Universities in Afghanistan have resumed classes three weeks after the Taliban seized power in the country. But they don’t go on as before. Teachers and students in major cities such as Kabul, Kandahar, and Herat testify to Reuters news agency that men and women are strictly kept apart in several places. They are taught separately or separated by a curtain in the middle of the class.
The international community closely monitors the situation in universities and schools in Afghanistan, which demands that the Taliban respect women’s rights in exchange for vital aid and diplomatic ties. This is not an unfounded concern because when the Taliban were in power last time – between 1996 and 2001 – girls were no longer allowed to go to school, and women were not allowed to go to university or work.
However, the Taliban have assured in recent weeks that women’s rights will be respected “according to Islamic law”, but it is not clear what that means in practice.
Reuters obtained a document with guidelines for resuming classes from an association of private universities in Afghanistan. It states, among other things, that wearing a headscarf is mandatory and that there must be separate entrances for female students. Female teachers must teach the latter separately or in smaller classes and separated by a curtain.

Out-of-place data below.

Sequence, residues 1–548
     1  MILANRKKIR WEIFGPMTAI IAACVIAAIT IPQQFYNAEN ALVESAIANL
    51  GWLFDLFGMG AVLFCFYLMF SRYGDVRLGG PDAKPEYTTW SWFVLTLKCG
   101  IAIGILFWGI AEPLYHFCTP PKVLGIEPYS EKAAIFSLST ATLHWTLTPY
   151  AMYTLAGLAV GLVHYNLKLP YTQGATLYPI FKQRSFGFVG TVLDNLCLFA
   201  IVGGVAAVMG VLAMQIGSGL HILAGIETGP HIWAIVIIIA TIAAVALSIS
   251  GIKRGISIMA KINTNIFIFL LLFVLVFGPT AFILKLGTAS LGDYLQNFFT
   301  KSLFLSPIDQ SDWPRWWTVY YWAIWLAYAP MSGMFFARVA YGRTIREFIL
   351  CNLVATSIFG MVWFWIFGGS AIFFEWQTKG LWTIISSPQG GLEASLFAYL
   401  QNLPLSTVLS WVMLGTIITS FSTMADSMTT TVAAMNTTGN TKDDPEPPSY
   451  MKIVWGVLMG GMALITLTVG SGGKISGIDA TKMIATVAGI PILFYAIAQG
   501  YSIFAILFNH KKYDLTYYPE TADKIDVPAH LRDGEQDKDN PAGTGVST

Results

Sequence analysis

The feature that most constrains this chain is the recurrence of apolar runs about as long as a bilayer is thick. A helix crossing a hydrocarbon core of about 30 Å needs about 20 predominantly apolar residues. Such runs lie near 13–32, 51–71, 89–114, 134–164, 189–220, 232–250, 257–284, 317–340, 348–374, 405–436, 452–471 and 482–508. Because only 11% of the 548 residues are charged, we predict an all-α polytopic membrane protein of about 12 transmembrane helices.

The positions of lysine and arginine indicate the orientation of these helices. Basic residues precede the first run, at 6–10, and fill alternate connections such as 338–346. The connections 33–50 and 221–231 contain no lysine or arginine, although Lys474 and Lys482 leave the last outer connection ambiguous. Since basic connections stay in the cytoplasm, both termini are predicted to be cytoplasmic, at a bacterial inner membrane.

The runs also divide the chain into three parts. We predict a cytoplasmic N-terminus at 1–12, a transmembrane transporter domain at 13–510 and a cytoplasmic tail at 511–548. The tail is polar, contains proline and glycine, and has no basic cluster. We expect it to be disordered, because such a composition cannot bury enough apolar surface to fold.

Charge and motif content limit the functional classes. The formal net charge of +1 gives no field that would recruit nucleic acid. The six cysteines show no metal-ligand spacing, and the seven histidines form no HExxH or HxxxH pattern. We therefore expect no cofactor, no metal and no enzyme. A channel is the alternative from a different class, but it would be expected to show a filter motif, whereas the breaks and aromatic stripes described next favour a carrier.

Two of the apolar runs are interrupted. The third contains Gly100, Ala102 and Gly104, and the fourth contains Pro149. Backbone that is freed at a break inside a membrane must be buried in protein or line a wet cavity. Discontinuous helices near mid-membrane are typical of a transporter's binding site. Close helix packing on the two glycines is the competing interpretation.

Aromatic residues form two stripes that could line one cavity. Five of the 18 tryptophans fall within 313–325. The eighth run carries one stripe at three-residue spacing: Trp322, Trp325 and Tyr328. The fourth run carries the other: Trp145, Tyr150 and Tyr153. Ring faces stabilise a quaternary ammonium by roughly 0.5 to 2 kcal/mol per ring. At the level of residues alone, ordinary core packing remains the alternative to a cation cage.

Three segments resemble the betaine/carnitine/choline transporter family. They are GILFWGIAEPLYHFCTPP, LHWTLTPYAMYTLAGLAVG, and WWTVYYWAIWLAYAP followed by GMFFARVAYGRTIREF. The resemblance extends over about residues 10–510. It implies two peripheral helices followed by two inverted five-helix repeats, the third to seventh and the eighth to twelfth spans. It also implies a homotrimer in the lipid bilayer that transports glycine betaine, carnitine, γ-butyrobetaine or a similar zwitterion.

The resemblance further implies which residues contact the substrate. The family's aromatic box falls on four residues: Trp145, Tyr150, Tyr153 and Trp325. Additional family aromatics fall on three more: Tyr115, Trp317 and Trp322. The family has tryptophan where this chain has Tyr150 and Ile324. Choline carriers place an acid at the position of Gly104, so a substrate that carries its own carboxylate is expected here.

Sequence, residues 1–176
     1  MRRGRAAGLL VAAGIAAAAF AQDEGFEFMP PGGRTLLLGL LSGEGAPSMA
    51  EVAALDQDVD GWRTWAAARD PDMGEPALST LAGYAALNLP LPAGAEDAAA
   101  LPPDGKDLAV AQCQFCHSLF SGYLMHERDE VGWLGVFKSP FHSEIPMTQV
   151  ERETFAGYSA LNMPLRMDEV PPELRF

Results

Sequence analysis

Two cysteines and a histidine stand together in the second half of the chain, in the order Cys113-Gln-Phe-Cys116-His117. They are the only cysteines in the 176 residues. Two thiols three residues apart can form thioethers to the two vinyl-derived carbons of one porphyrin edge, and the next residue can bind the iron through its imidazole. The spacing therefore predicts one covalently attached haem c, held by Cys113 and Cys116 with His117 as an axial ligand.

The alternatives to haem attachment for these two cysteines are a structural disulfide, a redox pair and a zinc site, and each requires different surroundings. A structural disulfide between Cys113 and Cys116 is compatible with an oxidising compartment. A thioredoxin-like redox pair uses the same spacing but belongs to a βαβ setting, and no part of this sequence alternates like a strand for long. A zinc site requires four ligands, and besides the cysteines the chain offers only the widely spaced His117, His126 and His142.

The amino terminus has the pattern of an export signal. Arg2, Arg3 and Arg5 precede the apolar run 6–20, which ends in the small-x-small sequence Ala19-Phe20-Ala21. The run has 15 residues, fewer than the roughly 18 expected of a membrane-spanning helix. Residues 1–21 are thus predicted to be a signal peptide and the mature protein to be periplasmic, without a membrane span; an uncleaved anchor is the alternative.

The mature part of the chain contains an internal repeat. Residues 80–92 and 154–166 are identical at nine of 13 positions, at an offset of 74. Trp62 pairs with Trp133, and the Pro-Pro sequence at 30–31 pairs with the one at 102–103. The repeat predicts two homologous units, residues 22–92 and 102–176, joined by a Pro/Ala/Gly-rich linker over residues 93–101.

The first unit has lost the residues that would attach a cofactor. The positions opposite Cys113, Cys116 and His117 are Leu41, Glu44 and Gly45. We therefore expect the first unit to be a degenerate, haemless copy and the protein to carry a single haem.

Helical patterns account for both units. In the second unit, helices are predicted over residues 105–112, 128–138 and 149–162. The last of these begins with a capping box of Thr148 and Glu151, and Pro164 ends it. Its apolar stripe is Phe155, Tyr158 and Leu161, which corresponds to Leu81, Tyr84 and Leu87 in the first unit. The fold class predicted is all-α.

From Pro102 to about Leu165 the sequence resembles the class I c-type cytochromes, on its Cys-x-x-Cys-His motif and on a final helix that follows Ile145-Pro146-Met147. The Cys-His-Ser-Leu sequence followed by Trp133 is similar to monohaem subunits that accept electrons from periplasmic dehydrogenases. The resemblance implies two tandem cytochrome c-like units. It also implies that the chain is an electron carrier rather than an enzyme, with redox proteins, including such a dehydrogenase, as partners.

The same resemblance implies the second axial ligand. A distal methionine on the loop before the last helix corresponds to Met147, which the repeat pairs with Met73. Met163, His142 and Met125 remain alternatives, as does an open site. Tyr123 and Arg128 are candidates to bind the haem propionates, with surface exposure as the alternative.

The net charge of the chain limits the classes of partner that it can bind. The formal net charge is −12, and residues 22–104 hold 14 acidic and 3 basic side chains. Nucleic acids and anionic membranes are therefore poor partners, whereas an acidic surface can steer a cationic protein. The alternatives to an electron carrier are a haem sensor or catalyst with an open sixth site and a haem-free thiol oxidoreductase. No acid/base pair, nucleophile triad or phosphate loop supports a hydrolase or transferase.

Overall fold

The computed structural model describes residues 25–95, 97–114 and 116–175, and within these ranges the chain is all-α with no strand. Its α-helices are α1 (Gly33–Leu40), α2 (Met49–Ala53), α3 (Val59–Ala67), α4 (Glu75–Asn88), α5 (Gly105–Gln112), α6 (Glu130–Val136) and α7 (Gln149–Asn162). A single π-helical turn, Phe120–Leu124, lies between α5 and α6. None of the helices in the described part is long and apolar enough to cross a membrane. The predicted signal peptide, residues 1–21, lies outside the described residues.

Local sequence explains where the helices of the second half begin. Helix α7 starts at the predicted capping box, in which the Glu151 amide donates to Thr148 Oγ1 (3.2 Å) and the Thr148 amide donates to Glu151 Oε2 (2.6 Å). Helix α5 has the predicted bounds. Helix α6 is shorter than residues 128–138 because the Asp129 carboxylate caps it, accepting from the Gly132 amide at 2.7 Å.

According to the news agency, it is not clear whether the document includes the official position of the Taliban. The group has not yet responded.
Last week, the Taliban indicated that schools should reopen and that men and women should be separated. “Curtains are perfectly acceptable for that,” said a senior official.
Photos shared by Avicenna University in Kabul and making viral on social media show a gray curtain dividing a classroom in two. The women wear headscarves and long clothes, but their faces are visible.
The return of the Taliban has alarmed many women in Afghanistan. They fear that the rights they have fought for, for the past twenty years, will be wiped out again.